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The CHAIRMAN. The committee will be pleased to hear you deliver your own statement, and I trust the committee members will permit it to be delivered without interruption. Then we will ask him some questions.

Secretary BURGESS. Yes, sir.


Secretary BURGESS. Mr. Chairman and members of the committee, the Department of Defense considers that the legislation proposed in H. R. 3005 is essential to the security of the Nation and I welcome the opportunity to appear before you in support of it.


Section I, if enacted into law, will extend to July 1, 1959, the induction authority contained in section 17 (c) of the Universal Military Training and Service Act of 1951, as amended. The present induction authority will expire on July 1, 1955. If permitted to expire it will expire on July 1, 1955. If permitted to expire it will place the sole reliance for meeting manpower requirements on voluntary enlistments, and on those persons who have been deferred from military service.


Authority for induction of individuals who have been or are deferred will not be affected by termination of this provision. Until the age of 35, persons who have been deferred remain liable for induction, providing the reason for their deferment is eliminated, even should the present authority expire and not be renewed.

As you know, however, it has been in the national interest to defer certain individuals for limited periods of time from induction into the military service. To cancel these deferments abruptly would seriously jeopardize those interests, yet that action would be necessary if the induction authority is not extended. Further, those in deferred categories who are militarily qualified for active duty are not sufficient to meet military manpower requirements during this period.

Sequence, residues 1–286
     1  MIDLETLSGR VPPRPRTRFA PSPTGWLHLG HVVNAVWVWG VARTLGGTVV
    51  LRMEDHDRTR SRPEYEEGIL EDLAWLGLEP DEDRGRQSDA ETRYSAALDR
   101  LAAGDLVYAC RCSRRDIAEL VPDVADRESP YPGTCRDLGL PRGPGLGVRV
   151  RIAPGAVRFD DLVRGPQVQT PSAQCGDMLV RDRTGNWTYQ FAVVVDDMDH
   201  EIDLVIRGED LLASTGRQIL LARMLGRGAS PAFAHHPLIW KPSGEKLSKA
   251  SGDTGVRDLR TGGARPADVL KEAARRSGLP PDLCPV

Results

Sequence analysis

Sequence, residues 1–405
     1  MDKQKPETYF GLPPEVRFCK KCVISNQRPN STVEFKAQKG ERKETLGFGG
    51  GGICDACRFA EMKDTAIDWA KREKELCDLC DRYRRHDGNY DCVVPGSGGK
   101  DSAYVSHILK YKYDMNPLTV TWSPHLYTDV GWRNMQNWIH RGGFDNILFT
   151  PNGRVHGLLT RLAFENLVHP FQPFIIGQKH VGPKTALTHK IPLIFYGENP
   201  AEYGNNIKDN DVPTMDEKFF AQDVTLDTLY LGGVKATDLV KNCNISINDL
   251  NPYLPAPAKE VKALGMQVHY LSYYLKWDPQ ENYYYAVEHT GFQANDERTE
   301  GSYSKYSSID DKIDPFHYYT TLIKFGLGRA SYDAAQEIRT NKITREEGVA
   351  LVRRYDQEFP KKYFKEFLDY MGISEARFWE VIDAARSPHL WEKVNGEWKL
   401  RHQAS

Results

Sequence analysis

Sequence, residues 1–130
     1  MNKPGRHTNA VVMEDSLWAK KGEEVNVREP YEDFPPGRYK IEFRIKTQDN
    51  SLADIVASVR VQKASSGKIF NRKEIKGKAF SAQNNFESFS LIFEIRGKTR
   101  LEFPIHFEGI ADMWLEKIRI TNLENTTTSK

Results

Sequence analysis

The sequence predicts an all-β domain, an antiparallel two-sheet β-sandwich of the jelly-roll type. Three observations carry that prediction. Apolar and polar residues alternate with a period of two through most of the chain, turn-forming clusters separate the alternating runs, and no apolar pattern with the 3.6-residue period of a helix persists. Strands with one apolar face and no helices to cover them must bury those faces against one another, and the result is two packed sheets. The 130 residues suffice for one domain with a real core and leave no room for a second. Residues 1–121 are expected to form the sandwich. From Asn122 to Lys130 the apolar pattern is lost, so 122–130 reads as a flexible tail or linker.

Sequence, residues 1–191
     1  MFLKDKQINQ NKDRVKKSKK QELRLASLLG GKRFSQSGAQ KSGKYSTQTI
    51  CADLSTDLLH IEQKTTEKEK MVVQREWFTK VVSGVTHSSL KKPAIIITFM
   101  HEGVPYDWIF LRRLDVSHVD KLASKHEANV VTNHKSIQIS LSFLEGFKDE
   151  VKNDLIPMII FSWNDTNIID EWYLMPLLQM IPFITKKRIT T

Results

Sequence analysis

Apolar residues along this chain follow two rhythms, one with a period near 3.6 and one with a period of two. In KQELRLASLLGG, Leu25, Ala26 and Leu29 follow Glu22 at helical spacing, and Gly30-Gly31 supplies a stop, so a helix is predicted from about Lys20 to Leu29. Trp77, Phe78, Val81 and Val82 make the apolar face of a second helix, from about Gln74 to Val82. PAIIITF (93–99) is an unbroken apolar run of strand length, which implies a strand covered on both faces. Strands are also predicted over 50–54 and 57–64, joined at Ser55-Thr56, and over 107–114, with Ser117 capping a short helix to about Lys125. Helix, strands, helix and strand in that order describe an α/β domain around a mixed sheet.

Following World War II the military service had considerable difficulty in maintaining the strength of the Armed Forces. Induction authority expired in March 1947 with the result that enlistments in all services dropped and a year later, in March 1948, the Armed Forces reached a low of 1,400,000.

During the first half of fiscal year 1948, with Selective Service not in effect, and not even in the offing, the military services were able to recruit only 65 percent of the quotas they prescribed for their recruiting personnel. The passage of the Selective Service Act in the spring of 1948 immediately stimulated enlistments. Even so, at the end of fiscal year 1948 the volunteer enlisted strength of the active Army totaled 446,000. This was 144,000 below an authorized Army strength of 590,000.


Armed Forces strength increased in fiscal year 1949 to 1,600,000. During this year there were only three monthly draft calls. With no draft calls during fiscal year 1950, the Armed Forces strength again dropped, this time in 1,460,000, which was the strength at the time of Korea.